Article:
Psilocybin is not addictive and seems interesting to researchers due to its ability to make individuals envisage the world in a different manner and the team at Imperial College have started to untangle the reason for the same.

Carhart-Harris scanned the brains of around 30 healthy volunteers and injected them with psilocybin and noticed the more primitive regions of the brains associated with emotional thinking in getting more active and the brain’s default mode network, associated with high level thinking, self-consciousness as well as introspection, which tend to get disjointed and less active.

The new research had only touched the surface of the brain and its consciousness where according to Nuttthe `brain is about organizing information as well as predicting the external world and that they think psilocybin disrupts that making it more chaotic.

People have hallucinations because instead of seeing the world as the brain expects it to be, they tend to see what the brain is doing’. This chaos could possibly treat depression as well as addiction like smoking and alcoholism which seems to be the topic of some of the earliest lessons on psychedelics in the 50s and 60s prior to the introduction of laws against drugs.

Professor Roland Griffiths from Johns Hopkins School of medicine explains that `with psilocybin, people tend to feel reorganized, after the therapy and the nature of the reorganization is that there are effects on attitudes towards addiction’.

The mechanism behind the change is not completely comprehended though the therapy is considered to increase the motivation as well as self-efficacy, instilling more confidence in the ability of the person to quit. Griffiths assumes that `the default-mode network connected to habitual pattern of behaviour, whereby decreasing activity in the system could free them to think differently and that people state that addiction is not compelling anymore’.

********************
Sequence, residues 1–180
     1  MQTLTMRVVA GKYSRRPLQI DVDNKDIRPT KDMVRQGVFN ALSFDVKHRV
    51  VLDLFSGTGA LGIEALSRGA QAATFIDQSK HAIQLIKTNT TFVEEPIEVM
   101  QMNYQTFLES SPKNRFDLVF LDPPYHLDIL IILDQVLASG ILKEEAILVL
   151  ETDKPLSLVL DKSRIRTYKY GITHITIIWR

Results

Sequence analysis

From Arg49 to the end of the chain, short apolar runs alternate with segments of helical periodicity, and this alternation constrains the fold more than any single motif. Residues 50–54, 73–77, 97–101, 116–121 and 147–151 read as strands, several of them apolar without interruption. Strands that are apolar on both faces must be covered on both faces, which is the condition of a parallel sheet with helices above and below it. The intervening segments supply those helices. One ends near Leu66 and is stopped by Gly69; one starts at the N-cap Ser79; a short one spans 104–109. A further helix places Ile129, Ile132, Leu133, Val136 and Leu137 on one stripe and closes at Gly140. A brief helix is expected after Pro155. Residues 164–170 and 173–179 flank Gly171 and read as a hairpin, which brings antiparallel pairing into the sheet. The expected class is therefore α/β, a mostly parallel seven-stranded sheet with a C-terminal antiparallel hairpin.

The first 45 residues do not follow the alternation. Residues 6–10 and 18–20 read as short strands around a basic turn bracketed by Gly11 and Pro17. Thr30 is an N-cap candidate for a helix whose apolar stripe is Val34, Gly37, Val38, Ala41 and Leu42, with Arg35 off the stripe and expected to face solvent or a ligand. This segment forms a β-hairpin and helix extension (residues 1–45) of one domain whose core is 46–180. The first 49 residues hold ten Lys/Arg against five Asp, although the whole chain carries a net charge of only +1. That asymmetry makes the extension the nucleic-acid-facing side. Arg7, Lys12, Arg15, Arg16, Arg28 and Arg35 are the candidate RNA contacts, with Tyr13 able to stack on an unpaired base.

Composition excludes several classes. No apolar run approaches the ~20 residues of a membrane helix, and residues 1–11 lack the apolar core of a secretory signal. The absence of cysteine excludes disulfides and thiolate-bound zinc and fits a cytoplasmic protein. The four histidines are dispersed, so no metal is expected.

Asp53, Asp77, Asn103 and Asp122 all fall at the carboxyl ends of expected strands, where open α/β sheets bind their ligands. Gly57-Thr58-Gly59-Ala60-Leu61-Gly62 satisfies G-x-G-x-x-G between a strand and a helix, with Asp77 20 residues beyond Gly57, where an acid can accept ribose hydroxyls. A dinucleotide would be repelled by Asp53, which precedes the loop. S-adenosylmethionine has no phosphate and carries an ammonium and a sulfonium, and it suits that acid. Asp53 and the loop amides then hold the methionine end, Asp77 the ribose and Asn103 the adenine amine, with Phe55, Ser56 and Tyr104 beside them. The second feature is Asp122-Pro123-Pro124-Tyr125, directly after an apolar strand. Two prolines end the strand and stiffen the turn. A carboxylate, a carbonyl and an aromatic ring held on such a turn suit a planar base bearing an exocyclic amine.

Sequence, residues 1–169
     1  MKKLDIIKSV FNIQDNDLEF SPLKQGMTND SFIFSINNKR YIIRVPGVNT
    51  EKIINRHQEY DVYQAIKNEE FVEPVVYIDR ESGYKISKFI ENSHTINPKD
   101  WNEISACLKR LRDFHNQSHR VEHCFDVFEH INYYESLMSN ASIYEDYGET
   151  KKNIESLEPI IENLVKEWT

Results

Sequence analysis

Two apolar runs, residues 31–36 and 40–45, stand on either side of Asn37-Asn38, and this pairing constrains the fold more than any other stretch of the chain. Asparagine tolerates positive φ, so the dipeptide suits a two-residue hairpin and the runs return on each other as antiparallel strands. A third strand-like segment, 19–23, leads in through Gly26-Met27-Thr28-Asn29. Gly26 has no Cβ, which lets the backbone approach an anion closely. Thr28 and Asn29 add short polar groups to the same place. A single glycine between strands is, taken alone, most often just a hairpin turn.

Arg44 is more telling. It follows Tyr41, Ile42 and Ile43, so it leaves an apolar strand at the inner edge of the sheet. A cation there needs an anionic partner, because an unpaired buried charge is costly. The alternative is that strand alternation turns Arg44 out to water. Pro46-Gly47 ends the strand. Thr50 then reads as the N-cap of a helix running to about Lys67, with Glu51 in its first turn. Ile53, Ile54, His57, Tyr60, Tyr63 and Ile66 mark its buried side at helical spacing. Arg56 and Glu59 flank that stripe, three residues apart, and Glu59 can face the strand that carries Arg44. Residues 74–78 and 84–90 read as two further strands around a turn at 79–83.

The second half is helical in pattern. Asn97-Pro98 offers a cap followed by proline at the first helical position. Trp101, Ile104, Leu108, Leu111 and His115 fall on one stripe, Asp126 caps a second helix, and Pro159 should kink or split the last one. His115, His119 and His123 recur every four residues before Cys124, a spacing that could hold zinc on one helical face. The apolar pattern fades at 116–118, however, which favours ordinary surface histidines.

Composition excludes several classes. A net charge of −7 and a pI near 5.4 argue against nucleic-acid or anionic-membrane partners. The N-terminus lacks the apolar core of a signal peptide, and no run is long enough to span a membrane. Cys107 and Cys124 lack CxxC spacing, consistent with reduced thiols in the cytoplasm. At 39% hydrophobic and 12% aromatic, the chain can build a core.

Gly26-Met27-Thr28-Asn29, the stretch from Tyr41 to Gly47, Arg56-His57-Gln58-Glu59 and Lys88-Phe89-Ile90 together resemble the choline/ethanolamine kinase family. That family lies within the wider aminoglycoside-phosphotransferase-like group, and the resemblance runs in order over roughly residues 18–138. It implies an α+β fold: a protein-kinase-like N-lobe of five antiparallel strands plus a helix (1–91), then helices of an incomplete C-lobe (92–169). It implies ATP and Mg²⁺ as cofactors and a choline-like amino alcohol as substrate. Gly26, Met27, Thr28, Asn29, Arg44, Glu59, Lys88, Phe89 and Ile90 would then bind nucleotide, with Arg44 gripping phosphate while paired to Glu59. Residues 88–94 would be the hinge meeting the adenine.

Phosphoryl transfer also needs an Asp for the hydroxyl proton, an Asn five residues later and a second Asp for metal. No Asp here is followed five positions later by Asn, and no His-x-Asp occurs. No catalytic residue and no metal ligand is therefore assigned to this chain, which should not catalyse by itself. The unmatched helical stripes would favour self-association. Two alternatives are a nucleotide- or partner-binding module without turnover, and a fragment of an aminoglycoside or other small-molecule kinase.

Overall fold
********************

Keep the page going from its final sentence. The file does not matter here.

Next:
To Be Administered with Specialised Support as Medical Therapy 

Michael Bogenschutz of the University of New Mexico has similar small scale studies on alcoholism and has promising results with great improvements in people after they had received psilocybin instead of counselling session.

He stated that `the degree of improvement was correlated with the intensity of the subjective effects of psilocybin’. Psilocybin therapy is still way behind from being accepted on a wide scale and trails are needed to be conducted on a larger scale in controlled settings. Dr Owen Bowden-Jones of UK’s Royal College of Psychiatrists comments that `the early research is promising but further research is needed’.

According to World Health Organization, depression is said to affect over 350 million people all across the world and the present pharmaceutical method of treatment is with selective serotonin re-uptake inhibitors – SSRIs like Prozac which tends to increase levels of serotonin in the brain thereby improving the moods, though SSRIs may not be effective in all cases or it could take time to show results and are generally prescribed for long periods of time to obtain the desired results.

Nutt is of the opinion that psilocybin could be a game-changer and could be used as a part of therapeutic package where mind altering and confronting nature of psychedelics could be a combination of therapy in treating people within one or two doses of treatment. He states that they had never had drugs earlier with instant effect and this could create an example in helping people in a different way of thinking which they can consider staying in.He stresses that psilocybin to be administered with specialised support as a part of medical therapy.